Roseville Sunflower Vase, ca. 1925

Value (2013) | $1,000 Auction$1,500 Auction

It's not often that an author's book has a lot of impact on the market for American ceramics. But when Peter Mayle's book A Year in Provence came out a few years back, it sparked a lot of interest in sunflowers. And your Roseville vase is a sunflower pattern, and the market for Roseville sunflower tripled in the span of one publication of that book. And so you've had this for a while. You said this was in a guest cabin?

Yes, it's in a cottage that we have at the lake. I saw a picture of it in a book, and I said to my husband, "Don't we have a vase like that?" And he brought it home.

You had a question about some of the markings on the bottom.

Yes, it has a paper label, and I didn't know what the "492" meant.

Well, the paper label is a typical Roseville mark from the '20s. This piece dates to about 1925, 1930, maybe. They often didn't mark the pots proper, and these labels did wash off. Maybe half of the pieces of sunflower you see have no markings whatsoever. The red crayon mark is typical on Roseville pieces. I'm not sure exactly what it means. It's some kind of production number. It's really kind of irrelevant. What is important is that the piece that you have has a very strong mold. Sometimes these get really washed out, because you are dealing with a molded pot that an artist then just puts some color on, and then they fire. It's not like the piece is hand sculpted and hand decorated like a lot of the other Rookwood and hand-decorated Roseville that we see. But again, what's so important about your piece is that it's an example of their sunflower line, and it happens to be one of the best examples of sunflower they made. There are some one-of-a-kind trial pieces that will come up that are better than yours, but as far as run of the mill sunflower is concerned, this is really pretty exceptional, and a piece like this, a valuation somewhere between $2,000, $2,500 on a pot like this.

Appraisal Details

Rago Arts & Auction Center
Lambertville, NJ
Update (2013)
$1,000 Auction$1,500 Auction
Appraised value (1998)
$2,000 Auction$2,500 Auction
Rochester, NY (August 08, 1998)
1920s, 1930s

Executive producer Marsha Bemko shares her tips for getting the most out of ANTIQUES ROADSHOW.

Value can change: The value of an item is dependent upon many things, including the condition of the object itself, trends in the market for that kind of object, and the location where the item will be sold. These are just some of the reasons why the answer to the question "What's it worth?" is so often "It depends."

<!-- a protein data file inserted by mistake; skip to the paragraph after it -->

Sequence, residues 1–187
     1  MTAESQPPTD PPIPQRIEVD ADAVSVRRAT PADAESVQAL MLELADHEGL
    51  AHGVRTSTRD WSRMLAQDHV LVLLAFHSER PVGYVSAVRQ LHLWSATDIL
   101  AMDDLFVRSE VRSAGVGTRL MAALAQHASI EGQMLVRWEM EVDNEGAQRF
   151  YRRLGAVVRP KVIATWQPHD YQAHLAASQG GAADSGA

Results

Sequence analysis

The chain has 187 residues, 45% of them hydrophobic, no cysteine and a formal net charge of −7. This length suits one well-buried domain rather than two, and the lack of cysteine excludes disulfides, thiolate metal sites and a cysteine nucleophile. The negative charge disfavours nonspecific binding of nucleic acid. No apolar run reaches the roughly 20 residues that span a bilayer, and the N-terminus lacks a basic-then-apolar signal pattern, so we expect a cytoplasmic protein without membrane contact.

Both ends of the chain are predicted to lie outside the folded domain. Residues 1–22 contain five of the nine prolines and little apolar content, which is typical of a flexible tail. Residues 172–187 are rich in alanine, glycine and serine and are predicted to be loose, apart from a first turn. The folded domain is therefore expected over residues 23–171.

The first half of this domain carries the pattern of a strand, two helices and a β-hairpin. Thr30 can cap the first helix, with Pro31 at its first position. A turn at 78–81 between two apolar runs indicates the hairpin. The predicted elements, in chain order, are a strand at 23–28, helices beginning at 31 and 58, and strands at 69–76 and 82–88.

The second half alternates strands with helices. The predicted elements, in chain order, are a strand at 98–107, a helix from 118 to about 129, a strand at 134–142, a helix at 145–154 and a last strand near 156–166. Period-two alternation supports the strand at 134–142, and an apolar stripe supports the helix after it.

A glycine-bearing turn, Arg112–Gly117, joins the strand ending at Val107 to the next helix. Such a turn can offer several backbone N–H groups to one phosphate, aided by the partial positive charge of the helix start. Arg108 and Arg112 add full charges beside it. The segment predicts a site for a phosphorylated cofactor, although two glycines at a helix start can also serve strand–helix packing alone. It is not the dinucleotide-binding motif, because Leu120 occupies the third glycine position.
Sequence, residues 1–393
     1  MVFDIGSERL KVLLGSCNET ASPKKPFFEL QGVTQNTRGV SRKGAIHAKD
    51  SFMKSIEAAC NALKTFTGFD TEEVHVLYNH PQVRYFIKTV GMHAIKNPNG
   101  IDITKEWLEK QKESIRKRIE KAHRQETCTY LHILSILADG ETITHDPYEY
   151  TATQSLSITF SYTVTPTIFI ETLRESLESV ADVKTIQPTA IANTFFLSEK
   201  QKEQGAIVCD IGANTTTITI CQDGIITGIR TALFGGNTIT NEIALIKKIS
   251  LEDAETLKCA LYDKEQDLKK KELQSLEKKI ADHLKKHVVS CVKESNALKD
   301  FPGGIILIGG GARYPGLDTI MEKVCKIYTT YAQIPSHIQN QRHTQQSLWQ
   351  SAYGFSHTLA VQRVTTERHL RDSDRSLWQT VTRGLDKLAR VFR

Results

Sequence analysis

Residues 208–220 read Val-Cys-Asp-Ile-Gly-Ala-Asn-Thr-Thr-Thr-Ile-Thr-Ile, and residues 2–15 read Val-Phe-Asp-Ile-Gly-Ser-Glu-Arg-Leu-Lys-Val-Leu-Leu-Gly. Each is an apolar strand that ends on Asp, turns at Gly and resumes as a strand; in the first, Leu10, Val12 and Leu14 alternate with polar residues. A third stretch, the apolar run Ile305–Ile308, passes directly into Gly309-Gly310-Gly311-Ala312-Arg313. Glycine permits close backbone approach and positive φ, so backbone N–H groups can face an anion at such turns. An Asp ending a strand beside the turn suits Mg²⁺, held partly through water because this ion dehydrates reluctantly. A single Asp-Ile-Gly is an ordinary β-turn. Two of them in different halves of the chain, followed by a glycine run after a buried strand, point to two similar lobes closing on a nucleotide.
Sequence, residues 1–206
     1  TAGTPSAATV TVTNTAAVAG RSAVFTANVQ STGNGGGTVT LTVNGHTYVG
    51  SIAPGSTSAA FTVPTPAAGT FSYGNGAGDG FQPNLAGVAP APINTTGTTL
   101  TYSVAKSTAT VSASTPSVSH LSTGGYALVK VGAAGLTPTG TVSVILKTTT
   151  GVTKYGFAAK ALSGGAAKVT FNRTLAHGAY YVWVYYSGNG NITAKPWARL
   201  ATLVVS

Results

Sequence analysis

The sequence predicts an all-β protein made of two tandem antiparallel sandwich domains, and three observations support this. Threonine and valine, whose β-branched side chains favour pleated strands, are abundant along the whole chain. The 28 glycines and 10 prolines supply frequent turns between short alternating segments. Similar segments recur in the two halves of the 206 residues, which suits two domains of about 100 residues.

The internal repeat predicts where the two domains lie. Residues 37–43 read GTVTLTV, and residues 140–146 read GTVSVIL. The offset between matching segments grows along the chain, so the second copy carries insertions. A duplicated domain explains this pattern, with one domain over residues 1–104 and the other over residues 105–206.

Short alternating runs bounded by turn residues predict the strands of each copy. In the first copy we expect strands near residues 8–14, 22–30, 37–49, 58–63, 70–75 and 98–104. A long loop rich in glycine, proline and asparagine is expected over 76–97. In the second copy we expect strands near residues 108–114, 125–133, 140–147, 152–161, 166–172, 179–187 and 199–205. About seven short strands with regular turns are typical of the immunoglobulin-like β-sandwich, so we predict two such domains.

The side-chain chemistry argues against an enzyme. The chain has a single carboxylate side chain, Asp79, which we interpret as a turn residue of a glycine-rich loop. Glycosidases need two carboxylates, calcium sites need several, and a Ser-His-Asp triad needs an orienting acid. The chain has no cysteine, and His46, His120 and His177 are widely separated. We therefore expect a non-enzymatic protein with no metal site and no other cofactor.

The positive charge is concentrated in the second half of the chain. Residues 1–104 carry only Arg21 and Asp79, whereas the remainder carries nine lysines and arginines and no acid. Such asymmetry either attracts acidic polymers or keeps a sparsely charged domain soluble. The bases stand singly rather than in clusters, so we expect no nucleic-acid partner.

Note the date: Take note of the date the appraisal was recorded. This information appears in the upper left corner of the page, with the label "Appraised On." Values change over time according to market forces, so the current value of the item could be higher, lower, or the same as when our expert first appraised it.

Context is key: Listen carefully. Most of our experts will give appraisal values in context. For example, you'll often hear them say what an item is worth "at auction," or "retail," or "for insurance purposes" (replacement value). Retail prices are different from wholesale prices. Often an auctioneer will talk about what she knows best: the auction market. A shop owner will usually talk about what he knows best: the retail price he'd place on the object in his shop. And though there are no hard and fast rules, an object's auction price can often be half its retail value; yet for other objects, an auction price could be higher than retail. As a rule, however, retail and insurance/replacement values are about the same.

Verbal approximations: The values given by the experts on ANTIQUES ROADSHOW are considered "verbal approximations of value." Technically, an "appraisal" is a legal document, generally for insurance purposes, written by a qualified expert and paid for by the owner of the item. An appraisal usually involves an extensive amount of research to establish authenticity, provenance, composition, method of construction, and other important attributes of a particular object.

Opinion of value: As with all appraisals, the verbal approximations of value given at ROADSHOW events are our experts' opinions formed from their knowledge of antiques and collectibles, market trends, and other factors. Although our valuations are based on research and experience, opinions can, and sometimes do, vary among experts.

Appraiser affiliations: Finally, the affiliation of the appraiser may have changed since the appraisal was recorded. To see current contact information for an appraiser in the ROADSHOW Archive, click on the link below the appraiser's picture. Our Appraiser Index also contains a complete list of active ROADSHOW appraisers and their contact details and biographies.